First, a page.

A civil rights group says it's unconstitutional for the Michigan Secretary of State to suspend the drivers licenses of people who are too poor to pay their fines. 

Macomb Daily

Macomb County's new Clerk is a political neophyte who has stumbled into controversy after controversy since she took office five months ago. 

A map showing cities sending a bus to People's Climate March.
Michigan Climate Action Network

Several hundred people from Michigan got on buses today to ride all night to Washington, D.C., to attend the 2017 People's Climate March.

Andrew Sarpolis with the Sierra Club organized the bus leaving from Detroit. He says many of the buses sold out early.

"Flint filled up almost a month ago," he says. "Our bus filled up a week in advance, and I believe the Ann Arbor bus as well, so all across the board, we're really seeing a lot of interest in going to this march."

This map shows the probabilities of where oil might go after a spill in the Straits of Mackinac.
From the UM Water Center report

A group hopes to get a ballot question before voters that would ban Enbridge from transporting oil through its Line 5 pipelines, which run under the Straits of Mackinac.

Attorney Jeffrey Hank is with the group, Keep Our Lakes Great.

Hank says while there are other efforts underway, including studies assessing the risks of the pipeline and alternatives to it, "we can't dawdle. After Flint and all these other lessons, we've seen we can't just sit around. So if the state doesn't do something, we're going to put the question before voters."

pixabay

Two Michigan Senators plan to introduce bills to criminalize the practice of genital mutilation of minor girls under state law.

Female genital mutilation (FGM) is a crime under federal law.  The U.S. Justice Department this week brought the first-ever charges under the law against two Detroit-area doctors and a third person.

Dr. Jumana Nagarwala, 44,  Dr. Fakhruddin Attar, 53, and his wife, Farida Attar, 50, are charged with performing FGM on minor girls out of Fakrhuddin Attar’s medical office in Livonia, Michigan.

Tracy Samilton

Despite heavy storms Thursday night, about 150 people showed up for a town hall meeting in Flint, after  city leaders announced that Flint will continue to get its drinking water from Detroit - instead of from a new pipeline called the KWA.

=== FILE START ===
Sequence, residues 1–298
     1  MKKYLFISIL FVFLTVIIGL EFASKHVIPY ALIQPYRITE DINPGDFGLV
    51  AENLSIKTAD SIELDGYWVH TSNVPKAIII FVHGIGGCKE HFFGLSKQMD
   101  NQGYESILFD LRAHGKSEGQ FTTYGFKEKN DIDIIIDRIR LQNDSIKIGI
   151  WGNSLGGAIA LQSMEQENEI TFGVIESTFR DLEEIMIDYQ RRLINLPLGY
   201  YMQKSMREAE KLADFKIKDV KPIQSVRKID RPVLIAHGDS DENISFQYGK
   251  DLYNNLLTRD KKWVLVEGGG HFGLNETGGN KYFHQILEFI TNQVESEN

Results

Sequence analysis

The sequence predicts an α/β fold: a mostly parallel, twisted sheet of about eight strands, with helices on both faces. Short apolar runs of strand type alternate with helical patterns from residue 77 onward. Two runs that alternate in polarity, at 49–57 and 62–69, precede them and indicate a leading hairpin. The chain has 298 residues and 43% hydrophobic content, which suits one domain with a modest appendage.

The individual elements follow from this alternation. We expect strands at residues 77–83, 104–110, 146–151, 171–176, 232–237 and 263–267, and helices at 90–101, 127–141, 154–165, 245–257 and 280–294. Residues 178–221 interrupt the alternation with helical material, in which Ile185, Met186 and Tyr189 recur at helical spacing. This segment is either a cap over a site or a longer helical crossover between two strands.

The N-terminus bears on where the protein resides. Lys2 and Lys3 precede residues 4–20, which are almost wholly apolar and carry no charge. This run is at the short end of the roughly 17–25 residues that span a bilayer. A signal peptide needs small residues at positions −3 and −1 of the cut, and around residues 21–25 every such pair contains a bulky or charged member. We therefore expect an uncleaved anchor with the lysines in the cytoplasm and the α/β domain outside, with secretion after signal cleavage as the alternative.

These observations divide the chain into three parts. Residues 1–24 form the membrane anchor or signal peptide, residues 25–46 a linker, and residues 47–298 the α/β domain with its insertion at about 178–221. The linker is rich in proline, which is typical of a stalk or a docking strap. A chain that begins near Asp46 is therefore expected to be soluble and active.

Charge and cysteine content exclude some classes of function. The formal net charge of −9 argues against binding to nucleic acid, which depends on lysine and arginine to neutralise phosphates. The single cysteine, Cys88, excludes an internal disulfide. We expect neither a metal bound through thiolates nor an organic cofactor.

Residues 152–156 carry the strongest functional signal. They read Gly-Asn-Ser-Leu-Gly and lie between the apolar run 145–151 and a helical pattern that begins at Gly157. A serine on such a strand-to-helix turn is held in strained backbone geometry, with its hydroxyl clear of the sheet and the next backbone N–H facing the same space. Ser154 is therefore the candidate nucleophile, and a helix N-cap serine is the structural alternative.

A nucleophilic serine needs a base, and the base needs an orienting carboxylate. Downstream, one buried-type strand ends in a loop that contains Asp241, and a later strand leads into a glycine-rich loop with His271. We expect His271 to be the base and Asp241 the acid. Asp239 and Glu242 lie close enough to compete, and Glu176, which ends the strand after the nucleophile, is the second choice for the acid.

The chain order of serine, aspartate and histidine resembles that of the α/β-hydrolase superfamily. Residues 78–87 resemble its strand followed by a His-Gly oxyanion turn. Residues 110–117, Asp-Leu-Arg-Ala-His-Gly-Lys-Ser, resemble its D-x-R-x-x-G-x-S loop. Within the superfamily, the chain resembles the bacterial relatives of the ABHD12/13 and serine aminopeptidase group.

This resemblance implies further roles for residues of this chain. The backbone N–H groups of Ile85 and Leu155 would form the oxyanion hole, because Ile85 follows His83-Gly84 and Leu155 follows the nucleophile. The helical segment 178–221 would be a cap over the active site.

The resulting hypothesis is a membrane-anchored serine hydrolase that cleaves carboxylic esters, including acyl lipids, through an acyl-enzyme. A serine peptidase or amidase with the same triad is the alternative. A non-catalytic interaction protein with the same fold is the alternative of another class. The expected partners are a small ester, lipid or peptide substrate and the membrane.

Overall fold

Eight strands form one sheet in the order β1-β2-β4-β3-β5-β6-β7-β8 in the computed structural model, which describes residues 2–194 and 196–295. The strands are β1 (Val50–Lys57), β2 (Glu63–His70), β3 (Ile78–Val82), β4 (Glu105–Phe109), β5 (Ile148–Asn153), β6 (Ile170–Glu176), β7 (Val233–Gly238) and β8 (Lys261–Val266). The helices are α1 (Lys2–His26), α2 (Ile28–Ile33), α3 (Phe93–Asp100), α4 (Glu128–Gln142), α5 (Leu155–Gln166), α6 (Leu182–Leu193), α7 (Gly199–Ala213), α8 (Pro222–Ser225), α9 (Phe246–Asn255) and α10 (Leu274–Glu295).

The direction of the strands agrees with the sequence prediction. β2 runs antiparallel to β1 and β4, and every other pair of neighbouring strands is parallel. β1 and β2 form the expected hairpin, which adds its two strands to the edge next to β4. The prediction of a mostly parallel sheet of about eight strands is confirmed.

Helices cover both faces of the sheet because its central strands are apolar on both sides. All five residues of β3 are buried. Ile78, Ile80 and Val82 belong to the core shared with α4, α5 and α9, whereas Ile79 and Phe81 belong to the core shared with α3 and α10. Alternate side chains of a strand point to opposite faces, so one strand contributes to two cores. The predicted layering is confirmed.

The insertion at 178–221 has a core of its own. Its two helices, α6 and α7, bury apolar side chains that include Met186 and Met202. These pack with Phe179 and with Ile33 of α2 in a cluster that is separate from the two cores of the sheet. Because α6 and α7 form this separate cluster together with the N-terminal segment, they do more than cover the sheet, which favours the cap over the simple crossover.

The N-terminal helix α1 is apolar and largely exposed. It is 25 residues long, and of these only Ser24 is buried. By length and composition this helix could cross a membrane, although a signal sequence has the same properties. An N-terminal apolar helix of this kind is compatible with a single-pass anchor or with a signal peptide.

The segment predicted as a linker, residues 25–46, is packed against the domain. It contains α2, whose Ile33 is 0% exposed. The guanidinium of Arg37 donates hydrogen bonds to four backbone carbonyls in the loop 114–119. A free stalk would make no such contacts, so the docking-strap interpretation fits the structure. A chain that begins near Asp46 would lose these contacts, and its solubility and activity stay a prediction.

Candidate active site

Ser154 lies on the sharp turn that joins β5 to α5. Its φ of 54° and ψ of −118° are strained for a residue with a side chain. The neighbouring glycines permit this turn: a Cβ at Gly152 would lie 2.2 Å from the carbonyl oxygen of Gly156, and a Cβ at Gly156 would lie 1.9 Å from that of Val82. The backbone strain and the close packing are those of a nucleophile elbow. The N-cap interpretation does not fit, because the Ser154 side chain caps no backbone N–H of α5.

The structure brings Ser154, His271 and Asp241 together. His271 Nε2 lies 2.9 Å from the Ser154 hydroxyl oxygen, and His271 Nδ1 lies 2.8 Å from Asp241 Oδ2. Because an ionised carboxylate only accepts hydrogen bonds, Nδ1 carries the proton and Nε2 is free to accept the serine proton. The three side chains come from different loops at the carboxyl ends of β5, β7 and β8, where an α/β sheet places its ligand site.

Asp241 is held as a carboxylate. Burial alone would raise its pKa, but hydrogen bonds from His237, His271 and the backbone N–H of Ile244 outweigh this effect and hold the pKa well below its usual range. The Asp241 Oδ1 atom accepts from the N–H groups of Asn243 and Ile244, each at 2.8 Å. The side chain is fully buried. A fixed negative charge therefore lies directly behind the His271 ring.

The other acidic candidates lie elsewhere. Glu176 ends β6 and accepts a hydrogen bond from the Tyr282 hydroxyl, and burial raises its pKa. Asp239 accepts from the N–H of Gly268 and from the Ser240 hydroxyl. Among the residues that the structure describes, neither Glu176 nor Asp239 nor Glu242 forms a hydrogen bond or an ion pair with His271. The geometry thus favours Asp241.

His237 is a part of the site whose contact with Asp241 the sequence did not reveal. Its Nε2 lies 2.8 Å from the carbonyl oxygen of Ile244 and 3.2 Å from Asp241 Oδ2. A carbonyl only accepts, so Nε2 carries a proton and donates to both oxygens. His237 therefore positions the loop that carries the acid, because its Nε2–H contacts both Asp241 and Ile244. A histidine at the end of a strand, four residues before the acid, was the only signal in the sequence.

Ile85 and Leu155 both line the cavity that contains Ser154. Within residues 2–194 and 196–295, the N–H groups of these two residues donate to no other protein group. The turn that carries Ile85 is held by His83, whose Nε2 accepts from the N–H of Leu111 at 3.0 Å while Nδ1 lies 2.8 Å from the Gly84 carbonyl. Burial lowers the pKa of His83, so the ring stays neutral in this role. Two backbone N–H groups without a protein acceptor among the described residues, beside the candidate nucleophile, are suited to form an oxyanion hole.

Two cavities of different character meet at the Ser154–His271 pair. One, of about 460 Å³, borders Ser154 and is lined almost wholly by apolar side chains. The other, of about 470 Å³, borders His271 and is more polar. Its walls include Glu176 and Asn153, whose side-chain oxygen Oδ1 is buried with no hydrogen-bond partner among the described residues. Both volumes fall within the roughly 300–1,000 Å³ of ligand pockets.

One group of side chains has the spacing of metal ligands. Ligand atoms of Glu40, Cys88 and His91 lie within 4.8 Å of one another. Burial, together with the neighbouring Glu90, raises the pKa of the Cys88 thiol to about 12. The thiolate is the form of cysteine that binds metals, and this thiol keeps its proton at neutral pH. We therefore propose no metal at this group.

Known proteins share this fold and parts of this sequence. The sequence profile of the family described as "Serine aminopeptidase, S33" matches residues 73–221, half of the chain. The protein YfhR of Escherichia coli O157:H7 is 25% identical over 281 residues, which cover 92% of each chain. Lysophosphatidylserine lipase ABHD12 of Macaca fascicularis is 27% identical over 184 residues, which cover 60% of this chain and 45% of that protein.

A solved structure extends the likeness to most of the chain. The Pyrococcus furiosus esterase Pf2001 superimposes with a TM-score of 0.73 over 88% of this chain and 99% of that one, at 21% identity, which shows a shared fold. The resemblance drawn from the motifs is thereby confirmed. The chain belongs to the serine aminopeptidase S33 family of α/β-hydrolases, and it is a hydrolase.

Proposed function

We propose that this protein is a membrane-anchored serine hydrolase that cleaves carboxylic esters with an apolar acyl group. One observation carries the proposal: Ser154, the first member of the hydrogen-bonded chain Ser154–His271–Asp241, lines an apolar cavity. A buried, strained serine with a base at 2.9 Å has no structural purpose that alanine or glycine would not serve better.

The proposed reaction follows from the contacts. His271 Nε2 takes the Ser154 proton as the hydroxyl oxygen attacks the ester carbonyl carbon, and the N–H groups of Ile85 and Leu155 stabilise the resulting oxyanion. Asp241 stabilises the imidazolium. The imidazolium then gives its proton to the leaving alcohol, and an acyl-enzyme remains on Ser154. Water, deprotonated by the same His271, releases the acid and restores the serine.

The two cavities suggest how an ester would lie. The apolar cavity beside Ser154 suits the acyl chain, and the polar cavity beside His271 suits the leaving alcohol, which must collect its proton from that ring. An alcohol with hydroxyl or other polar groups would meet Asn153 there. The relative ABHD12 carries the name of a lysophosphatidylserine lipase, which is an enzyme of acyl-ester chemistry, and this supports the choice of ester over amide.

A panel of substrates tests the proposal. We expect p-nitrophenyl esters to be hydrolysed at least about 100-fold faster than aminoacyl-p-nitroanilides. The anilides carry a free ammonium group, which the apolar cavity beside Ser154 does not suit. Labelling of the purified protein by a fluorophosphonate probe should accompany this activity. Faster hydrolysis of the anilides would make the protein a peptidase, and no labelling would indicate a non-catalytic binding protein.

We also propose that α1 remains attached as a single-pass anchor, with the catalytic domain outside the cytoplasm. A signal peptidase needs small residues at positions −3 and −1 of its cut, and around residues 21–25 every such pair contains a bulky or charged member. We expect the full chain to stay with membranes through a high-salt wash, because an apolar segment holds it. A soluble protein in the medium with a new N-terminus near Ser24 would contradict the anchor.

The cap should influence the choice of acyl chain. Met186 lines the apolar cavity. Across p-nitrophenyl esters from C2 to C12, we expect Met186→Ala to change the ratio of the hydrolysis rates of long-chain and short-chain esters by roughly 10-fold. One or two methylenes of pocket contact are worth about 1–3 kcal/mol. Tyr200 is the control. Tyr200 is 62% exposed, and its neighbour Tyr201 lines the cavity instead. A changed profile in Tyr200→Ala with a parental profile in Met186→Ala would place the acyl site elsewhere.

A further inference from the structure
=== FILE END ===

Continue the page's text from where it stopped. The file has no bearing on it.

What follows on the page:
Some people at the town hall told the mayor and other officials they don't trust them to do the right thing.

After being warned, several people were arrested for shouting, booing, and using foul and abusive language.

Others lined up at the microphones to ask for more information about how the decision was reached.
 

Solar panels
Ford Motor Company / Flickr

"Michigan is going to control its own energy future."

That's Michigan Agency for Energy Executive Director Valerie Brader, describing the benefits of the state's new energy law, which goes into effect tomorrow.

The law removes the cap on how much utilities can use energy efficiency and renewable energy to meet the state's energy needs, says Brader.

She says energy efficiency projects have already saved the state $4 billion since 2008, and there's the potential for even more, especially if energy efficiency is the cheapest way to meet demand for power. 

The Onion

Fake news has become ubiquitous, and it's more sophisticated and thus harder to spot, say communications experts at the University of Michigan.

In response, they'll offer a free online course on Friday, "Fake News, Facts, and Alternative Facts" on the edX website, which universities use to offer free classes to the public.

Brian Weeks teaches communication studies.  He says it's good news that Google and Facebook are launching new tools to help people try to determine if something is true.  But he thinks the best strategy is citizen education.

Steve Carmody / Michigan Radio